Choosing big ticket finishes for your brand-spanking-new or updated kitchen shouldn’t cause sweat to drip down your cheeks. (Face OR Bum) To avoid a fresh set stress pimples and/or swass ask yourself a few questions when designing your ideal kitchen.
Does it Work? This is the first and most important question I ask myself when I’m designing anything - but especially a kitchen. Most kitchens are multi-functional working, gathering, playing, anything goes zones. They need to be equipped with materials and finishes that are functional and durable so what I’m saying is that your kitchen needs to have the right tools for its job. For example: countertops. Granite and marble tops are an investment that require regular maintenance! If you’re a busy mother of two with a tasty budget, you might rethink these materials because, well, maintenance and um, stains. But hey, have you ever heard of quartz? If you got money to burn the cost of quartz is comparable to granite and marble and quartz is maintenance free! Plus it basically is just a bunch of really nice rocks crushed up in an epoxy resin so if you were still hoping for stone, you got it, babe. From the perspective of a hustling mama of three, quartz is the better choice - that shit works.
Is it pretty? Don’t judge me - this matters. Coming in close second to whether or not your materials and finishes perform. Your kitchen is most likely, the hub of your home. You and your family will spend ridiculous amounts of time gathering there. Actually, I’d be willing to bet that if you put a timer on every time you used your kitchen, even just for one day, your mind would be blown! Especially if you’re a stay at home mom like this girl. So yeah, when you’re spending the majority of your day in one place, you might want to at least make it easy on the eyes.
Can it relate? Does it jive with the rest of the finishes in your house and particularly in your kitchen? There’s not really any visual or functional advantage to having a traditional farmhouse kitchen if the rest of your house is ultra modern. That’s just confusing. When you’re selecting materials and finishes for your new kitchen, one sure-fire way to be positive that you have selected a cohesive design is to gather up your material samples and put together a “material board”. We used to do this in design school all of the time as a part of our design presentation and this carried through to when I was working at a custom kitchens and millwork shop and I even apply it to my artwork. Because this method works. Collect samples of all the finishes you’ve chosen and arrange them all together. Is there one thing that kind of stands out and makes you cock your head? Get rid of it. When you replace it, bring your other material samples with you and save yourself the back and forth. If they look nice - great job, your kitchen will be lovely. Even when you’re considering the scale and proportion of each finish you’ve selected, trust that if it looks good on your “material board” the finished product will be a success as well.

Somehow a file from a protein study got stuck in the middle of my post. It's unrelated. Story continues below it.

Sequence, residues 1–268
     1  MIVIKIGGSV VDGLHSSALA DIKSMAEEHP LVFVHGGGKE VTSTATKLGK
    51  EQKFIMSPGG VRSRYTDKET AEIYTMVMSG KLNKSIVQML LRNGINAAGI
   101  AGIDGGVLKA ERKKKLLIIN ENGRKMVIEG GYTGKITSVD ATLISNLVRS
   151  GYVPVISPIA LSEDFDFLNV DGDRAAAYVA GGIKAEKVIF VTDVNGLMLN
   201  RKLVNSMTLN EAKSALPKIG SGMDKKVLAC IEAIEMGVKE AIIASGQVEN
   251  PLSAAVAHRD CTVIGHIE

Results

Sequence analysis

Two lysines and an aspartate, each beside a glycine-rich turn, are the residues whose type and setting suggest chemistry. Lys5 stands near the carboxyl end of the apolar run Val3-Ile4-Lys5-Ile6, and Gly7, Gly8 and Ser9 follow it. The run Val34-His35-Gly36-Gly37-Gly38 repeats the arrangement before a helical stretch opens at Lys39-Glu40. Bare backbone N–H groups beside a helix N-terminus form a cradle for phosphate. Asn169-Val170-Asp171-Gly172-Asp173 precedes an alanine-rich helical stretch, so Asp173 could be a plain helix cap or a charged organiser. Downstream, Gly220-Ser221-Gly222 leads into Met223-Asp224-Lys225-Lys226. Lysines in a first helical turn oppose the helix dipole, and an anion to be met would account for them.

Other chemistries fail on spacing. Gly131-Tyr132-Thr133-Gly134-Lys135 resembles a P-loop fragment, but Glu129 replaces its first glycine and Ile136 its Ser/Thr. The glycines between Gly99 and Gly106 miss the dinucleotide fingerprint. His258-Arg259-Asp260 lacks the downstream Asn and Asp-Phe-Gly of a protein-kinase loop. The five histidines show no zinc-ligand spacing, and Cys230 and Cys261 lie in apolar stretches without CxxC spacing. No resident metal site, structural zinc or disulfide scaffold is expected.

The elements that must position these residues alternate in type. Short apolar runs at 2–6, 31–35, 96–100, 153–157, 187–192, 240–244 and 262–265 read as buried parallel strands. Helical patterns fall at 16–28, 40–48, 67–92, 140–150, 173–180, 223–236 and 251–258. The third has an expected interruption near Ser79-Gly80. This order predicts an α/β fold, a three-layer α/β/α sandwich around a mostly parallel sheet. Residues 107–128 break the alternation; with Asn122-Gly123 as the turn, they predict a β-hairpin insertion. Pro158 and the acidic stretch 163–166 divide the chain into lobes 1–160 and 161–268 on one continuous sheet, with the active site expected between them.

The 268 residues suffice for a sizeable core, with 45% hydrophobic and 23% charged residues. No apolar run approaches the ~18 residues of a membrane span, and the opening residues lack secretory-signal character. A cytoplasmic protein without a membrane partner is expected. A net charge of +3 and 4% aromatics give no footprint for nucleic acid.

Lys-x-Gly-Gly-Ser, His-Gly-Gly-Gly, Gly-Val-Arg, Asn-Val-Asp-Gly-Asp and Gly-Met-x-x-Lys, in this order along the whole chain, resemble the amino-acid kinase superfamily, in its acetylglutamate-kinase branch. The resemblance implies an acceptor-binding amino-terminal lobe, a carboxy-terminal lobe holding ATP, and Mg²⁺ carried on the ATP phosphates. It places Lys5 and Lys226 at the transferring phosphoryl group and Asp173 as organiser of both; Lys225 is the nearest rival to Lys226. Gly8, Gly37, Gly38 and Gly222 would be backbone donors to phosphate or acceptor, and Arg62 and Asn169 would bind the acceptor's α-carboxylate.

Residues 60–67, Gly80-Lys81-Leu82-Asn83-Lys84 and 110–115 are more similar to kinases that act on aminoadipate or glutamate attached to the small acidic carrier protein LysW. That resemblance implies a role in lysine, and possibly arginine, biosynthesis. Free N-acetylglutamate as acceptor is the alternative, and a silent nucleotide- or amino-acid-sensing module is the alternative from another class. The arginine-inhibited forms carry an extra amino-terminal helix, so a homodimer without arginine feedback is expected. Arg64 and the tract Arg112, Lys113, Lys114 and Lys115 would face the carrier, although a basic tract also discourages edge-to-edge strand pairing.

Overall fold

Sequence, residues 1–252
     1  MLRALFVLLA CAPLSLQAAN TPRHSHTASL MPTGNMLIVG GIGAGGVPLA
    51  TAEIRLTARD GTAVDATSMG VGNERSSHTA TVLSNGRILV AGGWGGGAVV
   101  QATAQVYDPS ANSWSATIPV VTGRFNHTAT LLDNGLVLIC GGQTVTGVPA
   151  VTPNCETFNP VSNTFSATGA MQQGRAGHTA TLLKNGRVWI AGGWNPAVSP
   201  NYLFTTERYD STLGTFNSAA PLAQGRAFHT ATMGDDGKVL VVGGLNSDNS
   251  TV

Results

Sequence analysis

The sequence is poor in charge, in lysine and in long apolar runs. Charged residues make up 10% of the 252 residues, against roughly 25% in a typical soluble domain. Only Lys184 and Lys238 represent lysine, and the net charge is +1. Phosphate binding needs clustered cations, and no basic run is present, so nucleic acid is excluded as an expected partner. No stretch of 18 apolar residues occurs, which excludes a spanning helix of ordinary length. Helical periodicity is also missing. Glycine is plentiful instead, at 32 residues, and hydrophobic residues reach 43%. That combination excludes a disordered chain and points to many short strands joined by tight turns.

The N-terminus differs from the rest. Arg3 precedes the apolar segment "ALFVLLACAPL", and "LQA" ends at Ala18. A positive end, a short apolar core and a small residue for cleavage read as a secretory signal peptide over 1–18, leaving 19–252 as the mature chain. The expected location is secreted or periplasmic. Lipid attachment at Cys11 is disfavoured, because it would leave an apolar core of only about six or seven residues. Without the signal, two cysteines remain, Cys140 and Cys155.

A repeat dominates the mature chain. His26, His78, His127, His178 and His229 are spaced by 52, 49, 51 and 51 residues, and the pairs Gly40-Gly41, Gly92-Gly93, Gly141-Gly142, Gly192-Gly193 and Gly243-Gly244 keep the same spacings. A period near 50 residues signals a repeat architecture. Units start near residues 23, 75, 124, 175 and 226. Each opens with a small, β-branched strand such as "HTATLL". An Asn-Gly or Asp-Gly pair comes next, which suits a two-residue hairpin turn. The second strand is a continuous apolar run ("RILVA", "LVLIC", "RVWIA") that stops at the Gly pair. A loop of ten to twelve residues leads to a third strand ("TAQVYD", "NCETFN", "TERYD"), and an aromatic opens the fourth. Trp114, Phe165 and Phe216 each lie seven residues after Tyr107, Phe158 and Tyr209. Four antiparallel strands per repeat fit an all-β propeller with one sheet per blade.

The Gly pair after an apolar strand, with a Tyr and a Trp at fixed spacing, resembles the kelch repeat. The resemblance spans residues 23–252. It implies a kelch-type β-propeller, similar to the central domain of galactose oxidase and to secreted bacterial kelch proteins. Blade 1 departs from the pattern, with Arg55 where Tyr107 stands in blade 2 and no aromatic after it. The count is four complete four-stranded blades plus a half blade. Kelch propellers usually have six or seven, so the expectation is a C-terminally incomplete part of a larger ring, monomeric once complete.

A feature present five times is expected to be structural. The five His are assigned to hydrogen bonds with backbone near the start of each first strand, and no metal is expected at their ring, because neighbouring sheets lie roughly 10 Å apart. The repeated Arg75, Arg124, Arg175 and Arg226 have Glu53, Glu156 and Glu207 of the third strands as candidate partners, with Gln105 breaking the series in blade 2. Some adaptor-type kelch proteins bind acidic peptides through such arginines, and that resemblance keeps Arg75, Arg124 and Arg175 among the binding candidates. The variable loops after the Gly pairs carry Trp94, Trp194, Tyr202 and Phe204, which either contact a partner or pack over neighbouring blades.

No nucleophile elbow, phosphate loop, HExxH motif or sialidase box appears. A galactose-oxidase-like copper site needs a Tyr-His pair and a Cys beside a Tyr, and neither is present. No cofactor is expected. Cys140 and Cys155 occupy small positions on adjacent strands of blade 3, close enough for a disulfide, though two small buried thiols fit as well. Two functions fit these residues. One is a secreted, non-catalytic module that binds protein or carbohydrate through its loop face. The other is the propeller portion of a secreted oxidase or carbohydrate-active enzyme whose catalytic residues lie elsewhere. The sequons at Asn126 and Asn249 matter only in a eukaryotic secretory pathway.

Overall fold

Does it feel good? Aha yes. Please come sit in my office, put your feet up and let’s have a quick therapy session because I am, indeed, talking about the feels and not the touches. (Although, texture is another element you will likely consider when designing your kitchen) As for your heart though, let’s just say if visually your board is really gorgeous and all the things are looking well together but the very sight of that board makes your chest pound and you feel anxious or excited - something isn’t working. Bright orange and pink are a luscious colour combination but if you’re more of a natural, earth tones kind of lady, you’re probably going to hate this. Be sure that all of the colours, textures and finishes that you are choosing are something that you actually like and are excited about (the good kind) because now is not the time to completely step out of your comfort zone. I’m not saying don’t try new things, but I am saying do yourself a favour and avoid exploring pink and orange if earth tones are what your soul survives on.
When you’re selecting materials and finishes for your kitchen, ask yourself questions to make sure you’re getting what you need our of your selections, they look wonderful together, they compliment the other materials and finishes in your home, and that you are happy with them all. Trust the process and trust yourself. A new kitchen is a huge undertaking and you’ll want to make sure and get it right - the first time.